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All's well that ends well.
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William Shakespeare (All's Well That Ends Well)
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I must be cruel only to be kind; Thus bad begins, and worse remains behind.
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William Shakespeare (Hamlet)
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If we are true to ourselves, we can not be false to anyone.
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William Shakespeare (Hamlet)
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For which of my bad parts didst thou first fall in love with me?
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William Shakespeare (Much Ado About Nothing)
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I know a bank where the wild thyme blows, Where oxlips and the nodding violet grows, Quite over-canopied with luscious woodbine, With sweet musk-roses and with eglantine.
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William Shakespeare (A Midsummer Night's Dream)
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Shall I compare thee to a summer's day? Thou art more lovely and more temperate: Rough winds do shake the darling buds of May, And summer's lease hath all too short a date: Sometimes too hot the eye of heaven shines, And too often is his gold complexion dimm'd: And every fair from fair sometimes declines, By chance or natures changing course untrimm'd; By thy eternal summer shall not fade, Nor lose possession of that fair thou owest; Nor shall Death brag thou wander'st in his shade, When in eternal lines to time thou growest: So long as men can breathe or eyes can see, So long lives this and this gives life to thee.
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William Shakespeare (Shakespeare's Sonnets)
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Out, out, brief candle! Life's but a walking shadow, a poor player that struts and frets his hour upon the stage and is heard no more. It is a tale told by an idiot, full of sound and fury, signifying nothing.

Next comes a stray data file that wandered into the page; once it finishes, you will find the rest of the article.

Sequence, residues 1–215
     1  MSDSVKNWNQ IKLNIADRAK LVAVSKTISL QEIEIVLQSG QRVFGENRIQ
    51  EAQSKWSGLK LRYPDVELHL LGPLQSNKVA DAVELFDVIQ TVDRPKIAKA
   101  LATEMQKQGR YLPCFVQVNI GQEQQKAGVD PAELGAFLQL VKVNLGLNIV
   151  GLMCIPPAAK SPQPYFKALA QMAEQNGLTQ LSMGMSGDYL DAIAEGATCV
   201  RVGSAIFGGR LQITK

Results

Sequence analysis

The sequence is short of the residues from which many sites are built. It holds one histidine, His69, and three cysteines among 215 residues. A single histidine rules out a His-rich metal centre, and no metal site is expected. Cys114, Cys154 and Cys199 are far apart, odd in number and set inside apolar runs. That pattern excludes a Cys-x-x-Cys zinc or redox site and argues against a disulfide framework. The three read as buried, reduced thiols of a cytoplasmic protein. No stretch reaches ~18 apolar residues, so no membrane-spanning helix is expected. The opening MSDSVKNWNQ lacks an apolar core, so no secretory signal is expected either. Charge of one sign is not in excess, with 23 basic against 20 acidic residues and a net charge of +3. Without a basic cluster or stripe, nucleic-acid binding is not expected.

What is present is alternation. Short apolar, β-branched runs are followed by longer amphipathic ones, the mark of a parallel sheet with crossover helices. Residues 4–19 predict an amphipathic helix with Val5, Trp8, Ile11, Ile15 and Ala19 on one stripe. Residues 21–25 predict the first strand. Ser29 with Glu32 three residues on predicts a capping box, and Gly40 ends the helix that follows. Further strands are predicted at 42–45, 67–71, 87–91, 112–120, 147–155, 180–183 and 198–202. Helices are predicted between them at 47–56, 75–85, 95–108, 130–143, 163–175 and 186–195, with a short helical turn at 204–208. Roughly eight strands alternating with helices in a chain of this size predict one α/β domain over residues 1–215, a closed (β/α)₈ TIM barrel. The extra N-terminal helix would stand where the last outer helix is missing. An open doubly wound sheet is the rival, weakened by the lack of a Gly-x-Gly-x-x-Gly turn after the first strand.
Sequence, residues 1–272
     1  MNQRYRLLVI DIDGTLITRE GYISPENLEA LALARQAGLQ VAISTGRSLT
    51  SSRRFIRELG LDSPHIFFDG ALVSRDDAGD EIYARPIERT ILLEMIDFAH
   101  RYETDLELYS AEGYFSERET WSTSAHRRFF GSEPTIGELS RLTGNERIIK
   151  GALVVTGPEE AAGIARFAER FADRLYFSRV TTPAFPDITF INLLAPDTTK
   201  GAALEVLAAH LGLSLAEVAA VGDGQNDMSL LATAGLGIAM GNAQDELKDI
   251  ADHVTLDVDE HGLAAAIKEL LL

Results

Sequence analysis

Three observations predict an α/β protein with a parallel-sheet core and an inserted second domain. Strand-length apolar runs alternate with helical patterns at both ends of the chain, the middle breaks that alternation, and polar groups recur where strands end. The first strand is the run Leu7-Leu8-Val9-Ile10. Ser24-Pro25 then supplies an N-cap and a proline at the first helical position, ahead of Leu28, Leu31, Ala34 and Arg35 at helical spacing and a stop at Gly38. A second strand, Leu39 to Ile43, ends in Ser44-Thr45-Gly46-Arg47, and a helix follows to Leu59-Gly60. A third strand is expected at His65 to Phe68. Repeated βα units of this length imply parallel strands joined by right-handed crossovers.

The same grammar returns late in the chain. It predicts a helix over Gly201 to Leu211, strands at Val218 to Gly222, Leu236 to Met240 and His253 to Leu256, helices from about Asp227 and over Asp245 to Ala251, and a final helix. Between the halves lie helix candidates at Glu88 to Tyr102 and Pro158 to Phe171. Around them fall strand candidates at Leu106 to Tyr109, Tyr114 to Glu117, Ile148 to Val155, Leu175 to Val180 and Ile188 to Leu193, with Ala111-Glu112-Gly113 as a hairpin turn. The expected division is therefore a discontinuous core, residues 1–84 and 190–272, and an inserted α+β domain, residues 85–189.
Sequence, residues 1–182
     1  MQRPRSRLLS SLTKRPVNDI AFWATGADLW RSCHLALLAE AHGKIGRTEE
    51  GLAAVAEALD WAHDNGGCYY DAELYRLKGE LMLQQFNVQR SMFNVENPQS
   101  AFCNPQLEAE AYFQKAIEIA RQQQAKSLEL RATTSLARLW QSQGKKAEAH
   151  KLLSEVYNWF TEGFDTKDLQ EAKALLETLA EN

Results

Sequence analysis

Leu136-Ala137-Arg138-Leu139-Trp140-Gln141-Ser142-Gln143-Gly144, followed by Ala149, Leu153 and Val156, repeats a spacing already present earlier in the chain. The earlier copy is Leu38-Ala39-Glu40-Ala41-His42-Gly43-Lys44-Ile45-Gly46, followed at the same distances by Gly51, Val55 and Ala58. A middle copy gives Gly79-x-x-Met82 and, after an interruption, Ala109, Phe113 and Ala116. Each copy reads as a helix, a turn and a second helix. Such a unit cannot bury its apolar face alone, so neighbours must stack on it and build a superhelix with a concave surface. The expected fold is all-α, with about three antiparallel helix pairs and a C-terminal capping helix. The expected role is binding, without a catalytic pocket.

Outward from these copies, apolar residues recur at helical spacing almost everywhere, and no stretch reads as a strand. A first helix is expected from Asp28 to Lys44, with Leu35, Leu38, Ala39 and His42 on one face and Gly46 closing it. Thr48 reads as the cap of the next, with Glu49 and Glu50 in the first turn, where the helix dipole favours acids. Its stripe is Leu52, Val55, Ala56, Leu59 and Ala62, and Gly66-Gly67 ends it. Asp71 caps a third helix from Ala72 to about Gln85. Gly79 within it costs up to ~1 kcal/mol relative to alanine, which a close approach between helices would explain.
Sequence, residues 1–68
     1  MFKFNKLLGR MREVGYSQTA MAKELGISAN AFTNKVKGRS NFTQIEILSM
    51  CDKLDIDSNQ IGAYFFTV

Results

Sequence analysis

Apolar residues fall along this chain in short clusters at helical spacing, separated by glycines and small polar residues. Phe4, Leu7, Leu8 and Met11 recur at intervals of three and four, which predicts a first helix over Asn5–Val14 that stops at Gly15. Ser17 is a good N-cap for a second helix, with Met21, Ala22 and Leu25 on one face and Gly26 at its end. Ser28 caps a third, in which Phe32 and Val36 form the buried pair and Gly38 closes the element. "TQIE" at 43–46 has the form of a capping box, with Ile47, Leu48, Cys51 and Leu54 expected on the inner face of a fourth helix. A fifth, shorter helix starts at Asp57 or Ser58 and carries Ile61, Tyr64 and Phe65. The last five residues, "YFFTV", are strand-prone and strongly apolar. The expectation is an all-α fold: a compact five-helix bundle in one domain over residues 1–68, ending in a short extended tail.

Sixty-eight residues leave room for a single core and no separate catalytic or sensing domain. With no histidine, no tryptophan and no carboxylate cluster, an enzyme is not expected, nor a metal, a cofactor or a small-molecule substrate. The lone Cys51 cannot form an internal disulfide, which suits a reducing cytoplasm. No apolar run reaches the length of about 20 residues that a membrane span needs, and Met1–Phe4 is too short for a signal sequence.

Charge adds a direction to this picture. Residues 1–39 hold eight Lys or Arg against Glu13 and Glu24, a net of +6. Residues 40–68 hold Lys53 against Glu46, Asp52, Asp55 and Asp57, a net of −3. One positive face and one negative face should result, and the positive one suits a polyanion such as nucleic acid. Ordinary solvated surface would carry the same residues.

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William Shakespeare (Macbeth)
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He that hath a beard is more than a youth, and he that hath no beard is less than a man. He that is more than a youth is not for me, and he that is less than a man, I am not for him.
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William Shakespeare (Much Ado About Nothing)
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Be great in act, as you have been in thought.
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William Shakespeare (King John)
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Me, poor man, my library Was dukedom large enough.
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William Shakespeare (The Tempest)
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Nothing will come of nothing: speak again.
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William Shakespeare (King Lear)
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Cry havoc and let slip the dogs of war!
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William Shakespeare (Julius Caesar)
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Men in rage strike those that wish them best.
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William Shakespeare (Othello)
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Words, words, words.
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William Shakespeare (Hamlet)
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I loved Ophelia. Forty thousand brothers could not, with all their quantity of love, make up my sum.